Why Christians Should Reconsider Ayn Rand

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Everyone loves to hate Ayn Rand—even, and sometimes especially, Christians. She’s the Left’s favorite bogeywoman, invoked as the dark goddess of capitalism—causing conservatives everywhere to run in terror, begging not to be associated with the “Guru of Greed.” Notice that Paul Ryan is still being pilloried for daring to appreciate Ayn Rand, even after distancing himself from her—5 years ago. Maybe fear of the Left’s scorn is partially to blame for the Christian antagonism to Rand. Maybe it’s that she was an atheist (because we all know that atheists are automatically wrong about everything). Or maybe it’s the fact that her views have been wildly—and reproachfully—distorted by liberal and conservative commentators, alike.

Whatever the cause of the animosity, I want to suggest that it is unwarranted. In fact, I want to present 6 reasons that Christians should reconsider Ayn Rand.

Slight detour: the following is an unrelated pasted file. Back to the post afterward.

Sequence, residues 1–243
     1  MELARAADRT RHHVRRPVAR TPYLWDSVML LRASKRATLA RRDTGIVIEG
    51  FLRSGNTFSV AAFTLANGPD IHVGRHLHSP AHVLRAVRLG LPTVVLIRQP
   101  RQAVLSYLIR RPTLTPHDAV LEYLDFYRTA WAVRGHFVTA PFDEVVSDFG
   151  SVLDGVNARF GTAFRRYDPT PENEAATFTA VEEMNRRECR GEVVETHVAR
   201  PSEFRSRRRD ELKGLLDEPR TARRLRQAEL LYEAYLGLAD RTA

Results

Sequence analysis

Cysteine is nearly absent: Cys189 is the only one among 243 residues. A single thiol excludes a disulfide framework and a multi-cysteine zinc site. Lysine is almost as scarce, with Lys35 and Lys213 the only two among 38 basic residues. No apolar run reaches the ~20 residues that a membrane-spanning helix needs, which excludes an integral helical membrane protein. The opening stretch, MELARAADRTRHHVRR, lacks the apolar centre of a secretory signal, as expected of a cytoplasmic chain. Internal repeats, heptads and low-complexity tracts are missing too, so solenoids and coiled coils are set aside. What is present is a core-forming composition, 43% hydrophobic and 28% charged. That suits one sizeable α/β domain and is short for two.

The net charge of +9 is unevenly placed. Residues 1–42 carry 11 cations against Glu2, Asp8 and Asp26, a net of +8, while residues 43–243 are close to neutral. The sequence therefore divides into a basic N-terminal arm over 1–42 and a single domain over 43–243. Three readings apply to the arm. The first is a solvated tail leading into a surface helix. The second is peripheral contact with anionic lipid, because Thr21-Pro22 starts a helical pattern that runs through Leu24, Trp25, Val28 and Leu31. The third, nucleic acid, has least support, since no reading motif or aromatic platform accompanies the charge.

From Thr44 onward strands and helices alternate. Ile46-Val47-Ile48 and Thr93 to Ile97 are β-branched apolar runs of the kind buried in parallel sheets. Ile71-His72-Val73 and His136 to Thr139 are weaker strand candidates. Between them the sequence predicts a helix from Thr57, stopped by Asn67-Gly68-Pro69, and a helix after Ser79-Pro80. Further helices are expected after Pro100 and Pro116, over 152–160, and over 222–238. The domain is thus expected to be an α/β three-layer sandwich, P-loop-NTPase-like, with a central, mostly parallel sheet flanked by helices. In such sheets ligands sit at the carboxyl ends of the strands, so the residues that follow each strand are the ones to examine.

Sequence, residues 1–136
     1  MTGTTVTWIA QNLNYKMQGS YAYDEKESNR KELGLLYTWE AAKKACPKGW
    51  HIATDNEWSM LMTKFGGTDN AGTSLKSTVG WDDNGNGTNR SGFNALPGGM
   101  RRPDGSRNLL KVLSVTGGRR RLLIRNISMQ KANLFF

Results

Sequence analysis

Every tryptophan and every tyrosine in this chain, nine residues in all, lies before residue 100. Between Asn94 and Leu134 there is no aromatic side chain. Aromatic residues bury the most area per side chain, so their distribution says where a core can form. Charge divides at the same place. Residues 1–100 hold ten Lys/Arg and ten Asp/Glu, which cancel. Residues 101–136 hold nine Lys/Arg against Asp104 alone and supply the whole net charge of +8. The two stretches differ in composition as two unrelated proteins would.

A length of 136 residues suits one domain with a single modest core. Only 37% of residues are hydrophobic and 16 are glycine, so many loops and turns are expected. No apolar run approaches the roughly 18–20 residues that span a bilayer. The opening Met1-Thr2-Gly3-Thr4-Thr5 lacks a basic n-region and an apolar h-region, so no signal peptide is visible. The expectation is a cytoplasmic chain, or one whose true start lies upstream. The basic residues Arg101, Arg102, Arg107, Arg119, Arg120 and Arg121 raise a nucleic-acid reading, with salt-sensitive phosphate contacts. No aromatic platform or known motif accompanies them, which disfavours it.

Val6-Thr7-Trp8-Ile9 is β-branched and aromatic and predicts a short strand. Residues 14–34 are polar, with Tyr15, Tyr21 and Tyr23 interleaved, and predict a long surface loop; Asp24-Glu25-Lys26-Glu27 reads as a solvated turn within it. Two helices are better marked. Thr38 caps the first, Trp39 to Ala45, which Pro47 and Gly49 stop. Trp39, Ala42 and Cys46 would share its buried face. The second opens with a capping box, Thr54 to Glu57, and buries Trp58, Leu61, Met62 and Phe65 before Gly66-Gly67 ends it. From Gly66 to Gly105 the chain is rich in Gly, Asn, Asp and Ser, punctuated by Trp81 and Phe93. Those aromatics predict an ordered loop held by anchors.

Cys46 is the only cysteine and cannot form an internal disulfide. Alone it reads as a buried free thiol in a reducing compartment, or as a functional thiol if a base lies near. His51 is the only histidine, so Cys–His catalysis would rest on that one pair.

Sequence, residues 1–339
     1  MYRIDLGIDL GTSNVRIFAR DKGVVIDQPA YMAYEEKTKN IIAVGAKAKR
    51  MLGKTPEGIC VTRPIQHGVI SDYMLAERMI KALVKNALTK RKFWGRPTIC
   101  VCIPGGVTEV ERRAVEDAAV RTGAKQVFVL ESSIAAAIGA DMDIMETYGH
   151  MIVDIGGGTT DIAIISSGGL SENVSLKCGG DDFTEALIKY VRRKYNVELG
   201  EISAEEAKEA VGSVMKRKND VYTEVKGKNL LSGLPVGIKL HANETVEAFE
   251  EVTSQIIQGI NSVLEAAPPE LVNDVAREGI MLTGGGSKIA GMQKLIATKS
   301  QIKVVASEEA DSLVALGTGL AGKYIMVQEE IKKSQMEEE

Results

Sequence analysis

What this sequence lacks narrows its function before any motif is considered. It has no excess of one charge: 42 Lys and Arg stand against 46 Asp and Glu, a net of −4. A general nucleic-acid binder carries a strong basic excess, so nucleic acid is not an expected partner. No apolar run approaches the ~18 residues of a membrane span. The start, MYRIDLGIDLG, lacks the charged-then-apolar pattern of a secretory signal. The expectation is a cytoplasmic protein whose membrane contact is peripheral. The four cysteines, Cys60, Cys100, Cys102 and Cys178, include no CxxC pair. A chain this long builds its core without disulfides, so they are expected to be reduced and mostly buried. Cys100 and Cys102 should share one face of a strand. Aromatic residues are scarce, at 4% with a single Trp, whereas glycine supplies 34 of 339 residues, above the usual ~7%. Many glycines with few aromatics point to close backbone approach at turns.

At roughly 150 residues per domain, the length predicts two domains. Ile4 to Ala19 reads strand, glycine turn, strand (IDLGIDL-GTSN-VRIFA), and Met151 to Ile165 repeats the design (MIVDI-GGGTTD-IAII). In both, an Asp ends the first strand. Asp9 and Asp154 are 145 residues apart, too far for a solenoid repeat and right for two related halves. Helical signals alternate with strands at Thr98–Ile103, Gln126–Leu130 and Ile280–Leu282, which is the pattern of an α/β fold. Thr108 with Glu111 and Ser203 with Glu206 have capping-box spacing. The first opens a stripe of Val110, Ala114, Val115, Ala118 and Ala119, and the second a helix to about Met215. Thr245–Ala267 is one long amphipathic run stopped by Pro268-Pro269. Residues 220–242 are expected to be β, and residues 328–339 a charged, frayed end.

1. She Had A High View of The Mind

Whatever it means to be created in the image of God, there is a long standing consensus among Christian theologians that, at the very least, it means having the capacity of reason. That’s one of the primary things which Christians have always believed sets man apart from the animals: his mind. Rand may have been an atheist, but she was a very different sort of atheist for her time. In an era of reductionistic and mechanistic views of man among atheist intellectuals, Rand stood out as a staunch advocate for the efficacy and significance of the role of the mind in human life. While many modern atheists have a doctrine of man (or, anthropology) centered around the physiological, Rand’s anthropology was dogmatically centered around the mind. As a result, she was able to unpack some remarkably valuable insights about the unique nature of man—and thus, in all likelihood, insights about what it means to be created in imago dei. Consider the following passage in which Rand argues against “the ecologists” (those we would call “climate alarmists” today) regarding the nature of man: